Concerns: It still looks like a softer version of a no-excuses test prep program, with minimal instruction in social studies and the arts. During the application hearing, Ms. Kacer cited the lack of evidence of professional development in the areas of Restorative Practices and Trauma Informed Practices for the staff. She also raised concerns that the school would be staffed by predominately new and inexperienced teachers. Although charter schools are supposed to be laboratories of innovation, there is actually nothing in Mastery’s application indicating that their program differs from those in district schools other than providing sufficient resources and staffing. The district would be better off using the taxpayer money to adequately resource and staff its own schools.
The application states: ”The applicant team for MCES has a solid track record in starting and operating 14 successful charter schools in Philadelphia.” Mastery has had several grants over the last ten years to support opening new schools from the US Department of Education’s Charter Schools Program for Replication and Expansion of High Quality Charter Schools (CSP), the Charter School Growth Fund, the Gates Foundation, and the New Schools Venture Fund, as well as grants from PSP, an organization of which Scott Gordon was a founding member.
Concerns: How can Mastery sustain its growth? The application states they have opened 2 to 3 new schools in Philadelphia and Camden since 2010. According to the 990 form included in the attachments to its application, it has a deficit of $20M, and that is in spite of the almost $9M it receives in grants and philanthropic contributions. Mastery still has a school waiting in the wings. They have not yet opened the Gillespie campus for which they received a charter in 2015. Although the SRC allowed Mastery to extend the opening until the 2017-18 school year, it has still not opened. Mastery has undertaken a $8.4M renovation on the Gillespie building, and according to the Great Schools website, is slated to open in the 2018-19 school year. At the application hearing, Mastery CEO Scott Gordon explained that their (hostile) takeover of Wister Elementary set Gillespie’s opening back. It seems clear that Mastery’s bottom line is the growth of the Mastery chain at all expenses, even if it means tearing a neighborhood community apart.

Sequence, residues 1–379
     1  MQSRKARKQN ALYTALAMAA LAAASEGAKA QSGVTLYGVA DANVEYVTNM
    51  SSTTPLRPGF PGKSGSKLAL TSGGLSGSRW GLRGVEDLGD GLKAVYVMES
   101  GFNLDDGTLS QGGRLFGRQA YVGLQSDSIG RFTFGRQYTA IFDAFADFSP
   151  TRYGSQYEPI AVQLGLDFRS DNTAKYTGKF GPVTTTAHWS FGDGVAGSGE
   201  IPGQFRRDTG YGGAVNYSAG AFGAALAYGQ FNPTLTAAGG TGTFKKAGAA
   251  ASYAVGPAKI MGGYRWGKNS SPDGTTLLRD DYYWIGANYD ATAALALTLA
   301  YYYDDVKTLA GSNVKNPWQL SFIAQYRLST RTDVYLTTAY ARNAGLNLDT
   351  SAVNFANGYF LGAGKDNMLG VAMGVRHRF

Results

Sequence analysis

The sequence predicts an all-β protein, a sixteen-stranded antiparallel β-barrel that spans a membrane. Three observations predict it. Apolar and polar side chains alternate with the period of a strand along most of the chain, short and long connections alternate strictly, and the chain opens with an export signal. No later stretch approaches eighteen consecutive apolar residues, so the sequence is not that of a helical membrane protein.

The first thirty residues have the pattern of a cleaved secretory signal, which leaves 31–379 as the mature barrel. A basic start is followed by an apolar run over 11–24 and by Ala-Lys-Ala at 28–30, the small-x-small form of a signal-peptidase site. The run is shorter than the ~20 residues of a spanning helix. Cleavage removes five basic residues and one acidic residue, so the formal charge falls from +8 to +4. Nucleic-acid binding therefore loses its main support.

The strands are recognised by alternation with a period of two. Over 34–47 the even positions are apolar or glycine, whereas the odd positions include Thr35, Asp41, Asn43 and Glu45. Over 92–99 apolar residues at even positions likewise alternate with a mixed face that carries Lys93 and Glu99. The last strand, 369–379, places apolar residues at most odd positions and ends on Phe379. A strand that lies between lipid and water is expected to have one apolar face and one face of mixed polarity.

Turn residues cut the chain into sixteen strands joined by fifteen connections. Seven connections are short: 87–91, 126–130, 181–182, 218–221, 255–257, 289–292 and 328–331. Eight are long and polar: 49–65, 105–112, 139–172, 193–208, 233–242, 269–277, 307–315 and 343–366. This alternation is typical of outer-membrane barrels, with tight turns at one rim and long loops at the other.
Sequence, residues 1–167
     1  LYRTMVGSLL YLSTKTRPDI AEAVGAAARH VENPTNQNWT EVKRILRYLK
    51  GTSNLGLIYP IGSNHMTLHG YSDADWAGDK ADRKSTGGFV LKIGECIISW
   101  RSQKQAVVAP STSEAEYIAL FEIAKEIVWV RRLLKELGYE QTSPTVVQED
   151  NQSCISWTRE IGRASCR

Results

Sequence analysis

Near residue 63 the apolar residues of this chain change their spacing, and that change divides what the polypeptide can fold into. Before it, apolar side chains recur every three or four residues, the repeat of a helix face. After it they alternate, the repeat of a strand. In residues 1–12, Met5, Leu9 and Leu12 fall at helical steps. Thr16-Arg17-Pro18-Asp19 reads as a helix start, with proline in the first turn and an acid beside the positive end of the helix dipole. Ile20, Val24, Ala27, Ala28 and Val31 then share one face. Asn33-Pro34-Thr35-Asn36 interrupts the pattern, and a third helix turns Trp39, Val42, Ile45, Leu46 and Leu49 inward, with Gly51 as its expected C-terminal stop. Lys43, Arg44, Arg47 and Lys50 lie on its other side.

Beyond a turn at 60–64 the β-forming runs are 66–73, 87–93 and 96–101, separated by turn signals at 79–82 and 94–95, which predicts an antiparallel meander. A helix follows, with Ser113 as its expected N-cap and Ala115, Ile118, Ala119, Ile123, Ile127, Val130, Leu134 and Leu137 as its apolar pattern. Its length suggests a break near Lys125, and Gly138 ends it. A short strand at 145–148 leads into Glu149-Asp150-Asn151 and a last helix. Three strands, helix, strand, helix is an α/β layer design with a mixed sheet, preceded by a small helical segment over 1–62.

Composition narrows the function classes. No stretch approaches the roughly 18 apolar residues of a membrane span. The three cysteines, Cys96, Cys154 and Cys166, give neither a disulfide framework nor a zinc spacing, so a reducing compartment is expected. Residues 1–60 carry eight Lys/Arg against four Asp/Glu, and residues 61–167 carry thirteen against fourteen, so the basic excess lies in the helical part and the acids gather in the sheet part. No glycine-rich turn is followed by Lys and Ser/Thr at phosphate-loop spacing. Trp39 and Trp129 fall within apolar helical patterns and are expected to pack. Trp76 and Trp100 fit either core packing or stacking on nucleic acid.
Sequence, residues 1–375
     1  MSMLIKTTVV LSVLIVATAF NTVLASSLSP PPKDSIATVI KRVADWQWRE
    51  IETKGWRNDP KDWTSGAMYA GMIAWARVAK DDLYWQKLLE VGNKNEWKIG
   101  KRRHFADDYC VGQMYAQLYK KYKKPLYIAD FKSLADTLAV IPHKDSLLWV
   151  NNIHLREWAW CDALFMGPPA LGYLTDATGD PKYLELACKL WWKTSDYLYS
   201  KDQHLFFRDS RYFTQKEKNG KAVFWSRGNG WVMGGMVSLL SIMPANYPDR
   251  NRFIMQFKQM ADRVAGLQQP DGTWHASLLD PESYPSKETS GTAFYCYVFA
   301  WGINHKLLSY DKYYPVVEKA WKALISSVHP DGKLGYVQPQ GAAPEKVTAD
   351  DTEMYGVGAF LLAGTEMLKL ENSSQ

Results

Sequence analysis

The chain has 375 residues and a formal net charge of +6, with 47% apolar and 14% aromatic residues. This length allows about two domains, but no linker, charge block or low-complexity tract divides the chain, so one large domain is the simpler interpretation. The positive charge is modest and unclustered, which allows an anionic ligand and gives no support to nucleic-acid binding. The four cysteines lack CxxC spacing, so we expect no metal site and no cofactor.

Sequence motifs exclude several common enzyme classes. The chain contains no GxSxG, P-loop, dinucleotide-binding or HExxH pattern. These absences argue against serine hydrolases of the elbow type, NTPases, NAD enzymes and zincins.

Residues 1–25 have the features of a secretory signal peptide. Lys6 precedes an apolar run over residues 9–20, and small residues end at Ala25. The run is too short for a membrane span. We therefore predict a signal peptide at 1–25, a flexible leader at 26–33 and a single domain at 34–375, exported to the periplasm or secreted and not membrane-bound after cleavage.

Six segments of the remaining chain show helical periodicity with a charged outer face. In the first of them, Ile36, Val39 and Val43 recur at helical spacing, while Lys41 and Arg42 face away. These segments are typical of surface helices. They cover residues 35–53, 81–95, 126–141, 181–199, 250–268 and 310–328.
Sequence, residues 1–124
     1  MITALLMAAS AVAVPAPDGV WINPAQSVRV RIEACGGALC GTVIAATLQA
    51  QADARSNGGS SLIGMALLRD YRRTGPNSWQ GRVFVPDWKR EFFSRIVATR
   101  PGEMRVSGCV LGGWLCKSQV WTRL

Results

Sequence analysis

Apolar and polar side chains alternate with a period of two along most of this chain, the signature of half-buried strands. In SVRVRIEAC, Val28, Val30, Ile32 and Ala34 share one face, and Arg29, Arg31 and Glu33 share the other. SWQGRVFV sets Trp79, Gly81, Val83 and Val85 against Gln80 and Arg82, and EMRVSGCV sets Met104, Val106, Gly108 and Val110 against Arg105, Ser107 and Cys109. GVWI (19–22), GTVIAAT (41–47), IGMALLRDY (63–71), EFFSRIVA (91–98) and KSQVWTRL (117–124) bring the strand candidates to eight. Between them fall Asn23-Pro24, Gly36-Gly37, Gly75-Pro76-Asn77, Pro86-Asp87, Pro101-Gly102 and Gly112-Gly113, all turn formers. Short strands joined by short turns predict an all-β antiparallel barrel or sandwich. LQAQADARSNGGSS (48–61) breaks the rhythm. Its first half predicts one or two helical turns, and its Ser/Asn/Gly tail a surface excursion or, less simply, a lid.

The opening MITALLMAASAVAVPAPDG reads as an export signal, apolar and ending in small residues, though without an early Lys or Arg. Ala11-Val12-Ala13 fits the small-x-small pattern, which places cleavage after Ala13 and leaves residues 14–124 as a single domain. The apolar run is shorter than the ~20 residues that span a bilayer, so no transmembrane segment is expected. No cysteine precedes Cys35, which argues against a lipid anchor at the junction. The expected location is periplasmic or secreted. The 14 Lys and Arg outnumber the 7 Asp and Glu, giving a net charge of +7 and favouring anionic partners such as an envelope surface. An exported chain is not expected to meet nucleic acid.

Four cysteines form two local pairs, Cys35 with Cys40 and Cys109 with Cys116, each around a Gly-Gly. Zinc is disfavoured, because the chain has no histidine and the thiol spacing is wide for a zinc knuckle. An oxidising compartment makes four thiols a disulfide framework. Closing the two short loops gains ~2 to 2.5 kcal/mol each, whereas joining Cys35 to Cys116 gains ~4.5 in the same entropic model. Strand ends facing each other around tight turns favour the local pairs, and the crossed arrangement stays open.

Founding Coalition and Board
Mastery Charter High School is listed as the CMO. The founding coalition board consists of three of its board members:
Robert S. Victor is Senior Vice President of Finance and Business Operations for Comcast Business. Prior to working for Comcast he was a Partner and Managing Director of The Boston Consulting Group (BCG) the same group that formulated a plan for the district to create a portfolio district that included outsourcing services and closing 64 schools. He also chairs the Board of Trustees of Mastery Charter Schools.
Gerry Emery is a Partner at Ernst & Young. He also serves on the Board of Trustees of Mastery Charter Schools.
Robin Olanrewaju is a Mastery parent and an Asset Manager for Lanre Properties LLC. She is Secretary of the Board of Trustees of Mastery Charter Schools.
The board members for the new school will be those already sitting on Mastery’s Comprehensive Boards of Trustees which serves all of Mastery’s schools.
Mastery students don’t have the same privacy protections as Philadelphia public school students have. In the student handbook under Parents and Student Privacy Rights it states:
“If you want to request that Mastery NOT disclose your directory information, please write and sign a letter to the school including the statement below.
I have read this statement of my privacy rights to information in my education record and request that Mastery NOT disclose any personally-identifiable information from my student’s education records, including what is called “directory information,” without my prior written consent to any outside person or organization except where the disclosure is to the financial funders and supporters of Mastery. I recognize that Mastery relies on the financial funding and support provided by outside organizations for the operation of the school.”
Concerns: Why do financial funders and supporters need personally identifiable information on Mastery’s students? Is this legal to require parents to allow Mastery, a “public” school, to do this?
Other concerns: Mastery has several Renaissance Charters that were up for renewal in 2016 and 2017 and are still pending because Mastery has refused to agree to the conditions recommended by the CSO. Why?
During the hearing, the CSO stated that Mastery’s academic goals were not specifically measurable and there was a general lack of alignment with PA standards. The CSO also cited a lack of clarity in the application concerning meals, board membership and governance and proposed management agreements.
Note: Mastery is represented by Robert W. O’Donnell, former Speaker of the Pennsylvania House of Representatives. He introduced the first charter school bill in Pennsylvania and now specializes in charter school law.
The website of his firm, O’Donnell Stacey, states it “has been practicing in the area of charter school law since 1997 and is expert in the full spectrum of issues facing charter schools. We are familiar with the day-to-day experience of board members and administrators as well as the long-term institutional issues that drive school success.”